Spatial-numerical association of response codes

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The spatial-numerical association of response codes (SNARC) is an example of the spatial organisation of magnitude information. Put simply, when presented with smaller numbers (0 to 4), people tend to respond faster if those stimuli are associated with the left extrapersonal hemiside of their perceived surroundings; when presented with larger numbers (6 to 9), people respond faster if those stimuli are instead associated with the right extrapersonal hemiside of their perceived surroundings. The SNARC effect is this automatic association that occurs between the location of the response hand and the semantic magnitude of a modality-independent number.[1]

Even for tasks in which magnitude is irrelevant, like parity judgement or phoneme detection, larger numbers are faster responded to with the right response key while smaller numbers are faster responded to with the left. This also occurs when the hands are crossed, with the right hand activating the left response key and vice versa. The explanation given by Dehaene and colleagues is that the magnitude of a number on an oriented mental number line is automatically activated. The mental number line is assumed to be oriented from left to right in populations with a left-to-right writing system (e.g. English), and oriented from right to left in populations with a right-to-left writing system (e.g. Iranian)[2]


The SNARC has been observed primarily in two scenarios: attentional and oculomotor. The first of these involves people being faster to detect left probes after smaller numbers are shown and right probes after large numbers,[3] whereas the oculomotor effects are seen when participants look at greater speeds towards the left after detecting small numbers and to the right after detecting large ones.[4]

Newer research shows a motor bias to also be associated with the SNARC effect. In an experiment conducted into random number generation, participants tended to generate numbers of a larger magnitude when turning their heads to the right, and numbers of a smaller magnitude when turning their heads to the left.[5] This has been replicated using hand sizes: smaller distances between the index finger and thumb when generating a random number evoked smaller numbers, and larger spaces evoked larger numbers.[6]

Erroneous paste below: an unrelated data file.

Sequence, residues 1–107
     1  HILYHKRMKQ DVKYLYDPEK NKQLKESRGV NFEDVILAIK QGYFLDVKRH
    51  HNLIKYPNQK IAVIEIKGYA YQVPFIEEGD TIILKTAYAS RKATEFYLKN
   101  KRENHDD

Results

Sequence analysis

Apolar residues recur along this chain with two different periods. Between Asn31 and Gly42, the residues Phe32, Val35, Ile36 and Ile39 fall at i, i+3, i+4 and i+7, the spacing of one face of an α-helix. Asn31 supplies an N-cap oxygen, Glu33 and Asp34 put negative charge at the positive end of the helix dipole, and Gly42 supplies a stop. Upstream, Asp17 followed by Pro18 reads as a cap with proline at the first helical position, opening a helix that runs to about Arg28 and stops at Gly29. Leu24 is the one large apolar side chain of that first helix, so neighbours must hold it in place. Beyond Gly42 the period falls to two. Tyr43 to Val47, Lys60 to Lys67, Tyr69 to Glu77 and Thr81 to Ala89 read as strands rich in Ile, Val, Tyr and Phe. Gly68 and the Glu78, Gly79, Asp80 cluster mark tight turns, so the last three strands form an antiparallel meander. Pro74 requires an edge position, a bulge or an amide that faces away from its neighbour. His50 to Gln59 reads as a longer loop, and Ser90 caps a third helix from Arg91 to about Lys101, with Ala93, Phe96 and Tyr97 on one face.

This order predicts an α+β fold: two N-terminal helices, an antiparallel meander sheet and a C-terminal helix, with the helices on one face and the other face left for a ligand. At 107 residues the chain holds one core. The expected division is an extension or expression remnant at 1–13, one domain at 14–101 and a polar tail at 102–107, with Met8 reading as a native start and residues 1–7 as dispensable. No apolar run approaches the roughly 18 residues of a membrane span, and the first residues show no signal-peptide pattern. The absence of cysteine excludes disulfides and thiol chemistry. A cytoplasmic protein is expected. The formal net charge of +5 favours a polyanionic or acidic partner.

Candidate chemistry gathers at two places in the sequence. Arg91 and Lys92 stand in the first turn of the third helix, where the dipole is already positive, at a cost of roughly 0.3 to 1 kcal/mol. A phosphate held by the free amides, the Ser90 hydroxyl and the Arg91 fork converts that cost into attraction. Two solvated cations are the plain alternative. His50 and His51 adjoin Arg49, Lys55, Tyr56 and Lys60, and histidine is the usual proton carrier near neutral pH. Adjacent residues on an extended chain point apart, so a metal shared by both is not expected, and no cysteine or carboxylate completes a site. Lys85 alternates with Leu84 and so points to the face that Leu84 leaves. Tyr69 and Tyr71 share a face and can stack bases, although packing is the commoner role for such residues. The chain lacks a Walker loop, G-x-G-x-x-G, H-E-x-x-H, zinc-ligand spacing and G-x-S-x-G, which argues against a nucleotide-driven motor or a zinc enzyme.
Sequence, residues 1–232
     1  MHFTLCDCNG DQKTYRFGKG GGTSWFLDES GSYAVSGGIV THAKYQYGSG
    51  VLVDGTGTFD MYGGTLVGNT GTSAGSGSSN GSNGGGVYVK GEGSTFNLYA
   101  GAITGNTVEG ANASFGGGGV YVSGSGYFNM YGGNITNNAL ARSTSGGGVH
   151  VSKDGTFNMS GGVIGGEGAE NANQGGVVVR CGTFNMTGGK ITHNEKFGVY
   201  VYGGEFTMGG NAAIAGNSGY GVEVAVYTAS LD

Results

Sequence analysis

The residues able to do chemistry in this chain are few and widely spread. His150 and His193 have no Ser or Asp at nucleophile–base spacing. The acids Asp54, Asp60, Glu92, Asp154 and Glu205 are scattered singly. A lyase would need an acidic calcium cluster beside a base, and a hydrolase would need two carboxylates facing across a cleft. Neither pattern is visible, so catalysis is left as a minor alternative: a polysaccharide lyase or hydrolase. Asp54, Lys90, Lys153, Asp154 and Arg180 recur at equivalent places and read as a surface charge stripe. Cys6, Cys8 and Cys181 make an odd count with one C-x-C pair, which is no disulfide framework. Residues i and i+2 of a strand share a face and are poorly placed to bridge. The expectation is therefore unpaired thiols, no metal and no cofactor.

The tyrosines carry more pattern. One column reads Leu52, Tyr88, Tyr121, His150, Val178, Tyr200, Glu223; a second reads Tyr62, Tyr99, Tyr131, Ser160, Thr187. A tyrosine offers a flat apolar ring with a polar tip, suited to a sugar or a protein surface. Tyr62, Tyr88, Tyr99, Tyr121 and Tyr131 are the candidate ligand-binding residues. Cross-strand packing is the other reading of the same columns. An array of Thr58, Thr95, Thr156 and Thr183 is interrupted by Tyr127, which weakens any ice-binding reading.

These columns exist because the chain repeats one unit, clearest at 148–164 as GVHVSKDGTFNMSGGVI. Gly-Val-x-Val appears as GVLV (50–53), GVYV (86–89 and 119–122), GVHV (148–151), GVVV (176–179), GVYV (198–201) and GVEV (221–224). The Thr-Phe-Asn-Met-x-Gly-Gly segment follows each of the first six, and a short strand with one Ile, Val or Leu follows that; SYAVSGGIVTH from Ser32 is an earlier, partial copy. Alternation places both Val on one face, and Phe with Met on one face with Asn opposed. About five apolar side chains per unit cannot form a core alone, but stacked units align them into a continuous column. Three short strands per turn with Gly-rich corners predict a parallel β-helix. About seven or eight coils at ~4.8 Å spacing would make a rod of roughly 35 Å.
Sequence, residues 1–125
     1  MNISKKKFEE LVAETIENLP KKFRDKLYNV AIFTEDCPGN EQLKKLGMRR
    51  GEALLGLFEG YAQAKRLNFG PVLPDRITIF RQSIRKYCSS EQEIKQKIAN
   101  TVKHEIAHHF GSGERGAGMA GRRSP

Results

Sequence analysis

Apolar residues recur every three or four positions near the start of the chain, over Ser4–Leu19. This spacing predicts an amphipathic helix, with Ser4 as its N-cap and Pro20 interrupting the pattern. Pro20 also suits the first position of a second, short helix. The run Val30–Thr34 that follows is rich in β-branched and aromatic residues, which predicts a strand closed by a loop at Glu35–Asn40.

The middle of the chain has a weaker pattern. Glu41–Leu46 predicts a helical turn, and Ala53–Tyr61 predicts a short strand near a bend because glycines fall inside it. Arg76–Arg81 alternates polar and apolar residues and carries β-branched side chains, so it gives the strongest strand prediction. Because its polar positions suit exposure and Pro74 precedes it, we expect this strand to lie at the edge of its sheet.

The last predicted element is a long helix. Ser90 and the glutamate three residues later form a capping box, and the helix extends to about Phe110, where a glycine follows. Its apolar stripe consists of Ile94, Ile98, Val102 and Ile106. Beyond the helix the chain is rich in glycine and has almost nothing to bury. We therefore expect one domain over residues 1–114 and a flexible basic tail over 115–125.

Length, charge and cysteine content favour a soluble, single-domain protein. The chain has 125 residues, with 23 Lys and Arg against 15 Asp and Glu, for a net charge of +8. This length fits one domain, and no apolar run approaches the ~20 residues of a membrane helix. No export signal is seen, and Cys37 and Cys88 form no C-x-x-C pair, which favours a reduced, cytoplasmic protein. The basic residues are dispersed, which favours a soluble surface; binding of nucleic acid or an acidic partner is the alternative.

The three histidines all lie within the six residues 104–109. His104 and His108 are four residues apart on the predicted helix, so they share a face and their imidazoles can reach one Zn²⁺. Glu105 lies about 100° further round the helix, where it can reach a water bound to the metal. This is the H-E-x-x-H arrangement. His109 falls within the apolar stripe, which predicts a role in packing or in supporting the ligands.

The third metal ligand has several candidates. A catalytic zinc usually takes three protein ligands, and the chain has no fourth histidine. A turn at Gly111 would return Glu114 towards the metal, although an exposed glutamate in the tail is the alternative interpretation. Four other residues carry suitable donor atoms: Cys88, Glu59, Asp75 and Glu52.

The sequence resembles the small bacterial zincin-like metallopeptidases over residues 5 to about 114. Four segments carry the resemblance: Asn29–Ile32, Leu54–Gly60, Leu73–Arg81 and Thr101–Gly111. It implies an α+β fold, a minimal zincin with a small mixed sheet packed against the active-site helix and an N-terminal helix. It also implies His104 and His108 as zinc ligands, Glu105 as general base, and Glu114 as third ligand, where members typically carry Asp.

1. ^ Dehaene, S., Bossini, S., & Giraux, P. (1993). The mental representation of parity and number magnitude. Journal of Experimental Psychology: General, 122, 371–396.
  2. ^ Fias, W., Brysbaert, M., Geypens, F., & D'Ydewalle, G. (1996). The importance of magnitude information in numerical processing: Evidence from the SNARC effect. Mathematical Cognition, 2, 95–110.
  3. ^ Fischer, M. (2003). Spatial representations in number processing: Evidence from a pointing task. Visual Cognition, 10, 493–508.
  4. ^ Fischer, M. H., Warlop, N., Hill, R. L., & Fias, W. (2004). Oculomotor bias induced by number perception. Experimental Psychology, 51, 91–97.
  5. ^ Loetscher, T., Schwarz, U., Schubiger, M., & Brugger, P. (2008). Head turns bias the brain’s internal random generator. Current Biology, 18(2), R60–R62.
  6. ^ Andres, M., Davare, M., Pesenti, M., Olivier, E., & Seron, X. (2004). Number magnitude and grip aperture interaction. NeuroReport, 15, 2773–2777.